Moreover, the divided attention task required participants to complete 2 tasks simultaneously. Either they looked at a chain of numbers and identified when 3 consecutive odd or even digits were present, or they looked at 2 lines—either vertical or horizontal—and when the 2 lines were presented in different orientations. There were 8-line targets on every set of 80 displays.

Overall, patients with fibromyalgia had worse accuracy for tasks requiring divided attention than controls and sleep disturbance served as a mediator for the group differences in cognitive performance.

“Although we observed a greater switch-cost for accuracy among healthy controls, raw scores on the switching task suggested a slightly larger benefit from repeat trials among healthy controls, whereas patients with fibromyalgia performed similarly across repeat and switch trials,” investigators wrote.

Therefore, the attentional switching task demonstrated healthy controls having a greater switch-cost for accuracy than patients with fibromyalgia (P = .009).

The team observed no group difference in reaction time. Moreover, they also found anxiety and depression were not related to cognitive performance on any task (Ps > .05). Only sleep disturbance was linked with less accuracy on the divided attention task (P = .01) but not related to accuracy or reaction time on the attentional switching task (Ps > .05).

After conducting a mediation analysis, investigators found a significant indirect effect of group difference on divided attention through sleep disturbance (b = -0.05; 95% confidence interval [CI], -0.11 to -0.001). However, the group difference in divided attention was no longer significant when including sleep disturbance in the model (P > .05), suggesting patients with fibromyalgia have poorer accuracy for divided attention, mediated by sleep disturbance.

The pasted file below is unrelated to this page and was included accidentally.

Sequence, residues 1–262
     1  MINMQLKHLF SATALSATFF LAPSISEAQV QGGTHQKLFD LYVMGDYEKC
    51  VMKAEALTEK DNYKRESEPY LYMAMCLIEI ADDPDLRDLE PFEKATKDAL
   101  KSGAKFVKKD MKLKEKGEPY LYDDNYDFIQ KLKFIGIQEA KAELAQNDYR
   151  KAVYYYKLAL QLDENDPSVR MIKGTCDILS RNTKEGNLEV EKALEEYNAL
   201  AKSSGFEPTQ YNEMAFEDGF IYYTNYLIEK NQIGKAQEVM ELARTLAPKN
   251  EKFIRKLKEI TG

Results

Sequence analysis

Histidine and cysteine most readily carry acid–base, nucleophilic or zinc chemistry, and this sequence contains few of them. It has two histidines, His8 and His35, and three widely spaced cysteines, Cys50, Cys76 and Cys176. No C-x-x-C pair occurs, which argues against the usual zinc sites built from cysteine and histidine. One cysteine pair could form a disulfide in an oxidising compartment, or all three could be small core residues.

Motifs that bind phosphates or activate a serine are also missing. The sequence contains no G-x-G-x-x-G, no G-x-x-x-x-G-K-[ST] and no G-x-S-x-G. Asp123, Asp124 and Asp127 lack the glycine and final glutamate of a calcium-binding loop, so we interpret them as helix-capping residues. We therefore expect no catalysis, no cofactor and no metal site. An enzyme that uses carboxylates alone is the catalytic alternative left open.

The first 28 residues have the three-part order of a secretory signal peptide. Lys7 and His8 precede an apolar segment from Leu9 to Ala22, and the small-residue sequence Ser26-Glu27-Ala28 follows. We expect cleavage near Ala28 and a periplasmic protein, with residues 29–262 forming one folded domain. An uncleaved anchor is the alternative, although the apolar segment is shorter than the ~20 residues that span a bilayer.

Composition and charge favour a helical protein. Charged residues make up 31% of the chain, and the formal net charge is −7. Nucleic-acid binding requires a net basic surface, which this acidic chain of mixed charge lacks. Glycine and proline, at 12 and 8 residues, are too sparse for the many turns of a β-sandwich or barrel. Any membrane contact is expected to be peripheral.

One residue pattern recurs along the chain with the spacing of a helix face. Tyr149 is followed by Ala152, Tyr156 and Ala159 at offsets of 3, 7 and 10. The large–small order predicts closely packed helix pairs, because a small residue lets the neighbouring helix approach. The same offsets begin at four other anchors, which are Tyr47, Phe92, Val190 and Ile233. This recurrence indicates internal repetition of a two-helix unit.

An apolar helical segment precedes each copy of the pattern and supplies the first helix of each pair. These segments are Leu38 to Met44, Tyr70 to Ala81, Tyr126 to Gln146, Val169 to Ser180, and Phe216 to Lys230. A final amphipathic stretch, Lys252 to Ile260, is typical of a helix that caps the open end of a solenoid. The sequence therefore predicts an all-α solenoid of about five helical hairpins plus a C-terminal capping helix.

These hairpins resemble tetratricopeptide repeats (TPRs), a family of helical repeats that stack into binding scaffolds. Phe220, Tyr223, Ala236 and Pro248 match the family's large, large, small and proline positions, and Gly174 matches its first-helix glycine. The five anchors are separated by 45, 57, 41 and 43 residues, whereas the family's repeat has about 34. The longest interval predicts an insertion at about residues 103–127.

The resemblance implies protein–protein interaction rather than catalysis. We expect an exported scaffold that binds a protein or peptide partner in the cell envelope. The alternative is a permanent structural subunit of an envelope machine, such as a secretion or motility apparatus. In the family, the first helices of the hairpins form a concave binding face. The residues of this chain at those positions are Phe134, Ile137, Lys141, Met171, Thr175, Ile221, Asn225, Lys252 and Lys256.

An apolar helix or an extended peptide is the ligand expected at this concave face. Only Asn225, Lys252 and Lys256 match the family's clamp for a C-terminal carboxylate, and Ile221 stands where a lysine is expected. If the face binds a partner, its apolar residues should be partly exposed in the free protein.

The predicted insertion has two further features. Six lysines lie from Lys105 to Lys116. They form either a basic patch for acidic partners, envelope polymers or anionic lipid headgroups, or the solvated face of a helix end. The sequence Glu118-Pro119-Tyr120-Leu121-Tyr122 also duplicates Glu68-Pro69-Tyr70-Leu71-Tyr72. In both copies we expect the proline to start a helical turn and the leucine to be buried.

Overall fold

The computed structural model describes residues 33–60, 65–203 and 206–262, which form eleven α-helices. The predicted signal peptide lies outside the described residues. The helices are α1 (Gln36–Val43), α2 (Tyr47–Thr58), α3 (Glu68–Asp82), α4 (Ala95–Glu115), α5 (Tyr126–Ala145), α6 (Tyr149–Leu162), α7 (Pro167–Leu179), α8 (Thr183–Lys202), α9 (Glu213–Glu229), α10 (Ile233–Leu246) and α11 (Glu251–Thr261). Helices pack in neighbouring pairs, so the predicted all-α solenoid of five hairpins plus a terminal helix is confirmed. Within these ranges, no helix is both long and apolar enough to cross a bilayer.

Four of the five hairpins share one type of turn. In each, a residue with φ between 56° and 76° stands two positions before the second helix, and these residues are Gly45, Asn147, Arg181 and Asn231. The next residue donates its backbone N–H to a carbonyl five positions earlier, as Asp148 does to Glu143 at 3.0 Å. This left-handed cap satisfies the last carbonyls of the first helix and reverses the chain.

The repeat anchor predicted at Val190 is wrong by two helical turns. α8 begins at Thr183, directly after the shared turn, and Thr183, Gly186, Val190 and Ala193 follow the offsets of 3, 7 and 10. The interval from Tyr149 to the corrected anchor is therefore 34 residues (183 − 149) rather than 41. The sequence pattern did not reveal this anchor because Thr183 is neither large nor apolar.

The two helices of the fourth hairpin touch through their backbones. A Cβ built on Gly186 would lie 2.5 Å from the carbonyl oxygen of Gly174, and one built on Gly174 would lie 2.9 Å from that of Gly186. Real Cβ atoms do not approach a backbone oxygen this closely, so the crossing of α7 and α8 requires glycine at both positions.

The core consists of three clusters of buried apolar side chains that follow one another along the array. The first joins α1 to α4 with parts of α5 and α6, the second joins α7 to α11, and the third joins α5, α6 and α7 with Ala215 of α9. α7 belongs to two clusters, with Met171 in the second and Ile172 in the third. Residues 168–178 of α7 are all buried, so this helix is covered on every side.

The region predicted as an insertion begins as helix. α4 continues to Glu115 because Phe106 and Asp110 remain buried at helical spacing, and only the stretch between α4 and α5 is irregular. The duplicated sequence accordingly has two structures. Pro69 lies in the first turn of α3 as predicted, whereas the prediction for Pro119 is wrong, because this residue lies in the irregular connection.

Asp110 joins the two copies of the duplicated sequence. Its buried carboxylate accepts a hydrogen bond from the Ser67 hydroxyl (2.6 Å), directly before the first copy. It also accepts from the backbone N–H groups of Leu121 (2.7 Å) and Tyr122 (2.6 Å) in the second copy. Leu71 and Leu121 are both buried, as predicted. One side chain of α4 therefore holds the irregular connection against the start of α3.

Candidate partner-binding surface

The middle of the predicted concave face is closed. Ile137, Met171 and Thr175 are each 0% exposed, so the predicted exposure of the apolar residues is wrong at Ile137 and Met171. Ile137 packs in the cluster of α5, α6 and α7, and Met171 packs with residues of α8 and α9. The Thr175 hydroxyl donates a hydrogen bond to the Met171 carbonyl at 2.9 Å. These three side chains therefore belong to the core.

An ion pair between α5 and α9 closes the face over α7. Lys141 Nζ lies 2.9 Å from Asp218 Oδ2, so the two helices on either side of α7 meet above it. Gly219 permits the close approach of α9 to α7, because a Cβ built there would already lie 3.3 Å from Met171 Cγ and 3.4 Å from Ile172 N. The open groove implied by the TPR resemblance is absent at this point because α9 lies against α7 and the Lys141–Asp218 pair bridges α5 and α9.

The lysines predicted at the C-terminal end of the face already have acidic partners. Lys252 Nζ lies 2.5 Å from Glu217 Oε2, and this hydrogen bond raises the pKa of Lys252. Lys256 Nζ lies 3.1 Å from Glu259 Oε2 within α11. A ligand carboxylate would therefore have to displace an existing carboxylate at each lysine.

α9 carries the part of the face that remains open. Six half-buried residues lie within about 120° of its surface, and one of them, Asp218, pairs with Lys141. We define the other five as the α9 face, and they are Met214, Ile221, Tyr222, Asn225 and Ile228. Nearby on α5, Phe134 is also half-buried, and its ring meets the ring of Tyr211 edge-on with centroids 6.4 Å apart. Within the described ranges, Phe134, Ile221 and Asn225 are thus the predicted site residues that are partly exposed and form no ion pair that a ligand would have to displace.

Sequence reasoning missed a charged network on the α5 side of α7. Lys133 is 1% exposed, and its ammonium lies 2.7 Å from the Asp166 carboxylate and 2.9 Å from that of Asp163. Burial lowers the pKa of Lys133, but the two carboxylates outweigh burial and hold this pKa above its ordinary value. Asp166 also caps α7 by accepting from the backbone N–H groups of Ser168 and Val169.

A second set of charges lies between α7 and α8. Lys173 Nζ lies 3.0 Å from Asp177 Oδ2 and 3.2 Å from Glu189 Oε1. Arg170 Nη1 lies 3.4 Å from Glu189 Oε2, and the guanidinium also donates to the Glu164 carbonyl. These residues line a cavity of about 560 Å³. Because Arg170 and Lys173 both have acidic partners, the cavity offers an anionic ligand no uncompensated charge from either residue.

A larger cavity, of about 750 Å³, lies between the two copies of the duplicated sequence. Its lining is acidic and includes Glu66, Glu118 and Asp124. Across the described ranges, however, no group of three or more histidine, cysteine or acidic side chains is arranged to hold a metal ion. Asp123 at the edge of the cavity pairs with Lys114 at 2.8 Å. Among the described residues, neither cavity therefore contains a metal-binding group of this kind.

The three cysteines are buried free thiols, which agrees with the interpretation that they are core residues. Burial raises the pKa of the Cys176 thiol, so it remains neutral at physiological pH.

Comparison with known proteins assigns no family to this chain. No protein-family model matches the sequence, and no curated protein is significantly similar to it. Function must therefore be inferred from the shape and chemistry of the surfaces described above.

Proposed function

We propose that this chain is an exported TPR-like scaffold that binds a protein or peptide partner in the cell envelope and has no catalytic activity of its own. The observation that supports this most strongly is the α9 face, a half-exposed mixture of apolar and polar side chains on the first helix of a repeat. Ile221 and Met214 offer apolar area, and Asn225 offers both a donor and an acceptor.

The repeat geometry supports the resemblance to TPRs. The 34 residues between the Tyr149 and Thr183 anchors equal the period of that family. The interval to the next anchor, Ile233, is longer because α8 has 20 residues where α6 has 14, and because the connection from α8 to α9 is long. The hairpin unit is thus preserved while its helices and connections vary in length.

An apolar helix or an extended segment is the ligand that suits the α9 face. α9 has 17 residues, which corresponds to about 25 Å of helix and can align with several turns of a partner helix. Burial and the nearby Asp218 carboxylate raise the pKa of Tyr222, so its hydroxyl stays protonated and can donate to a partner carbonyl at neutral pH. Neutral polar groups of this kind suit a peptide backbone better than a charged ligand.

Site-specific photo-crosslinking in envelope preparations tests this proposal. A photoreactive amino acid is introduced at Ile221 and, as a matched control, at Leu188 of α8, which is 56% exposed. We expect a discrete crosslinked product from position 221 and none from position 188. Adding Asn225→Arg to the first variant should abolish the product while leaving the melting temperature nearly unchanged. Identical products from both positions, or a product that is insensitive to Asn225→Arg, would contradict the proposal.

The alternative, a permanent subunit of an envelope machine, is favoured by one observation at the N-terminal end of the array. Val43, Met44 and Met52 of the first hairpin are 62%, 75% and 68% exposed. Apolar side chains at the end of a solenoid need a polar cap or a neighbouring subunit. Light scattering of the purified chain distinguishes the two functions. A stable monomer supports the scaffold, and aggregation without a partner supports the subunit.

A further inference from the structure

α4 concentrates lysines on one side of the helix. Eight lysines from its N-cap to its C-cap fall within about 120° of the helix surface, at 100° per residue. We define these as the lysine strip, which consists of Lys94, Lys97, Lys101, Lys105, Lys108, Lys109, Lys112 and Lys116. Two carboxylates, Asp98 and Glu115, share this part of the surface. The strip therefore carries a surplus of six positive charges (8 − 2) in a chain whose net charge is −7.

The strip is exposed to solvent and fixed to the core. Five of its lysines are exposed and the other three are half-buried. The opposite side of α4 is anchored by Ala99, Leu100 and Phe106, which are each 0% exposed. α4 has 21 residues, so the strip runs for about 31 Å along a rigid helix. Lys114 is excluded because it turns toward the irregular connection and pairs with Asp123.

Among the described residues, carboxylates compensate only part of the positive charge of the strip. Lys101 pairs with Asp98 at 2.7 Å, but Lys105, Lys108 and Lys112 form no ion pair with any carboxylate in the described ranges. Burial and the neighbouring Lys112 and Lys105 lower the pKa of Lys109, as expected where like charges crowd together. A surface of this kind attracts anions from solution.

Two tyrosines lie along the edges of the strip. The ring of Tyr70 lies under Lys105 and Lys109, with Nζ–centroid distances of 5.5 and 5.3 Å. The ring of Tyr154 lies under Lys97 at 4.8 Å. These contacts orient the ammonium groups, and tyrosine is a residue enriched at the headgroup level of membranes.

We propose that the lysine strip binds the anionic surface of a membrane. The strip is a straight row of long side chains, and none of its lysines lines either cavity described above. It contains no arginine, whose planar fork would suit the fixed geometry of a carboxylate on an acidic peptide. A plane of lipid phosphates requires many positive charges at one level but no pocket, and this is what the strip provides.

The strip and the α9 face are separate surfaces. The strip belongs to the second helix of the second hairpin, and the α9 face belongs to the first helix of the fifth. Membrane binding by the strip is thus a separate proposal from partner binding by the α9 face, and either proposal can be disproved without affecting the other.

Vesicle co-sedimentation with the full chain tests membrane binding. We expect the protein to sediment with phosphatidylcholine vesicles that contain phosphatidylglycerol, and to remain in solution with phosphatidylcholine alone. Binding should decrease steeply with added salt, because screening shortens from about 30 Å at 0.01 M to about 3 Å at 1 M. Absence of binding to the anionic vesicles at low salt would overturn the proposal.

Limitations stated by the investigators included having most of the sample be female and White, only including patients with fibromyalgia and no other chronic pain conditions, and tasks only measuring attention and executive function and no other types of cognition such as memory.

“Despite these limitations, our findings highlight the importance of considering symptoms of sleep disturbance when investigating cognitive performance, particularly executive attention, among patients with fibromyalgia,” investigators wrote.

References

  1. Wilson JM, Meints SM, Edwards RR, Yamin JB, Moore DJ. The role of sleep disturbance in reduced accuracy on a divided attention task among patients with fibromyalgia. Pain Rep. 2024;9(1):e1. Published 2024 Jan 12. doi:10.1097/PR9.0000000000001122
  2. Moore DJ, Meints SM, Lazaridou A, et al. The Effect of Induced and Chronic Pain on Attention. J Pain. 2019;20(11):1353-1361. doi:10.1016/j.jpain.2019.05.004
  3. Fibromyalgia. Centers for Disease Control and Prevention. https://www.cdc.gov/arthritis/types/fibromyalgia.htm. Accessed February 9, 2024.